The season in which you’re born may affect your risk of developing multiple sclerosis (search), a new study suggests.
Researchers found that babies born in May appear to have the highest risk of developing the brain nervous system disorder in adulthood, and those born in November have the lowest risk.
They say these findings support the idea that a combination of genetics and environmental factors before and after birth may affect the development of the brain and nervous system, therefore affecting the risk of multiple sclerosis in adulthood.
Birth Month May Affect Multiple Sclerosis Risk
In the study, which appears in the Dec. 7 online edition of the British Medical Journal, researchers looked at the association between birth month and multiple sclerosis risk among 17,874 Canadian and 11,502 British adults with multiple sclerosis and compared it with a similar group of healthy adults from the general population as well as their unaffected brothers and sisters.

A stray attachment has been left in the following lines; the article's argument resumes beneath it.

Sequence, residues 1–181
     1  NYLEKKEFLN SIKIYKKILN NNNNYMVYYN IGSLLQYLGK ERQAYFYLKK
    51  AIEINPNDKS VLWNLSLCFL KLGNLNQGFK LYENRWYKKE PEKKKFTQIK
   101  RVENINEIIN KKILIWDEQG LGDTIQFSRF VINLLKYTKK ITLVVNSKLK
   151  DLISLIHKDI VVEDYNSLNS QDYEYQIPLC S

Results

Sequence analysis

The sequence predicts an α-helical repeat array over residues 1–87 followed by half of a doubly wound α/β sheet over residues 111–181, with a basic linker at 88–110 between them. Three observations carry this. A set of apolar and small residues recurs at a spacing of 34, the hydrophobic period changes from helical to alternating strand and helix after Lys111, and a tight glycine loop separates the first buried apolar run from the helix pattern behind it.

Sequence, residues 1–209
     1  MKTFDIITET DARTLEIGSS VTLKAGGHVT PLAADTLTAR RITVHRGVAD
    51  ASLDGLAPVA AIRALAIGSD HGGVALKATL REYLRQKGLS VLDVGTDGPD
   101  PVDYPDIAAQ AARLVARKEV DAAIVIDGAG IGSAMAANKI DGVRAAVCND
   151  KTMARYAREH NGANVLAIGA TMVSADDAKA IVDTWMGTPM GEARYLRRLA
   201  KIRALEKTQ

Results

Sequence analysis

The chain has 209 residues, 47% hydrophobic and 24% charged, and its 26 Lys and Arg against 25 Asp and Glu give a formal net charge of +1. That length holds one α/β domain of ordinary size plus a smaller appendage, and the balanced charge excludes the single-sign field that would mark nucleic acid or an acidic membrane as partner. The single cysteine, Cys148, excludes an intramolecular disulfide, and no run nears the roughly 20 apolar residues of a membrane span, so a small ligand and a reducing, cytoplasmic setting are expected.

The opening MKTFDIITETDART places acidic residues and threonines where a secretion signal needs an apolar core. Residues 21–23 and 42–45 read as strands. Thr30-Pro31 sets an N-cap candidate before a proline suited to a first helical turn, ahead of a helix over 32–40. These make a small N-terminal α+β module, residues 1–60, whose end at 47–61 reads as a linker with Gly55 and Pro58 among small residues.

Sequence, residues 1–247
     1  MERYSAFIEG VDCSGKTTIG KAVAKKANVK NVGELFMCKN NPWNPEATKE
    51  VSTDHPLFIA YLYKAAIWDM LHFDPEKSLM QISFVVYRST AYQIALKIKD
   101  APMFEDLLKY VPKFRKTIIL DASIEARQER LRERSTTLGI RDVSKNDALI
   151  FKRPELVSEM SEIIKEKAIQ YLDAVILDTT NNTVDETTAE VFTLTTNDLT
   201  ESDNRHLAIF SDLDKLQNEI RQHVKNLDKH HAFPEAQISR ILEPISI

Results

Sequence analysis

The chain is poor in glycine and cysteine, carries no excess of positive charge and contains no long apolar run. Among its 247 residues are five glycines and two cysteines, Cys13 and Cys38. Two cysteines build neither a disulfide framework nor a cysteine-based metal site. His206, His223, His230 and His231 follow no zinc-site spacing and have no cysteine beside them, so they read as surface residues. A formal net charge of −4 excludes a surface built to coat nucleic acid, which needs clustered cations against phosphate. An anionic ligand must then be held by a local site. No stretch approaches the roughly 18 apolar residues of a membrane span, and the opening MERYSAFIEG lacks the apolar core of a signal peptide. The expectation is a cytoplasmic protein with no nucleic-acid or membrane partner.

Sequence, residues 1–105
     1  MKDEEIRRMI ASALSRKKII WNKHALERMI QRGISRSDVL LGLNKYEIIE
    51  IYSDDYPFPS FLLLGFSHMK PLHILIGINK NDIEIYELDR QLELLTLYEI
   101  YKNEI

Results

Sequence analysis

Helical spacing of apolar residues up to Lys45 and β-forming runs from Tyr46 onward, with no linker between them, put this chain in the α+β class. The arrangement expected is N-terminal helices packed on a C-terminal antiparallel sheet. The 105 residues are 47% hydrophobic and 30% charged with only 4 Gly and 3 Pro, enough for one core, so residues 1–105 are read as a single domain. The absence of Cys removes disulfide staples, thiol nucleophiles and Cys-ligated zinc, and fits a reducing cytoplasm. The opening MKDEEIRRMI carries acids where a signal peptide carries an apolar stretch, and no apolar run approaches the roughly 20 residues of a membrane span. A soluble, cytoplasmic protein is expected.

The study showed that in Canada, significantly fewer people with multiple sclerosis were born in November. The same held true in Britain, and the number of babies born with MS in December was also lower.
Combining those results with a database from Denmark and Sweden, researchers found that there was an overall 13 percent increase in multiple sclerosis risk for people born in May compared with November and a 19 percent decreased risk for those born in November compared with May.
They say the seasonal effect appeared strongest in Scotland, where the prevalence of multiple sclerosis is highest.
Researchers say previous studies have suggested that exposure to sun or seasonal variations in vitamin D exposure during pregnancy — by affecting the brain development of the fetus — may explain the seasonal differences in multiple sclerosis risk. But more research is needed to explain the link between month of birth and multiple sclerosis risk in adulthood.
SOURCES: Willer, C. British Medical Journal, online first edition, Dec. 7, 2004. News release, British Medical Journal.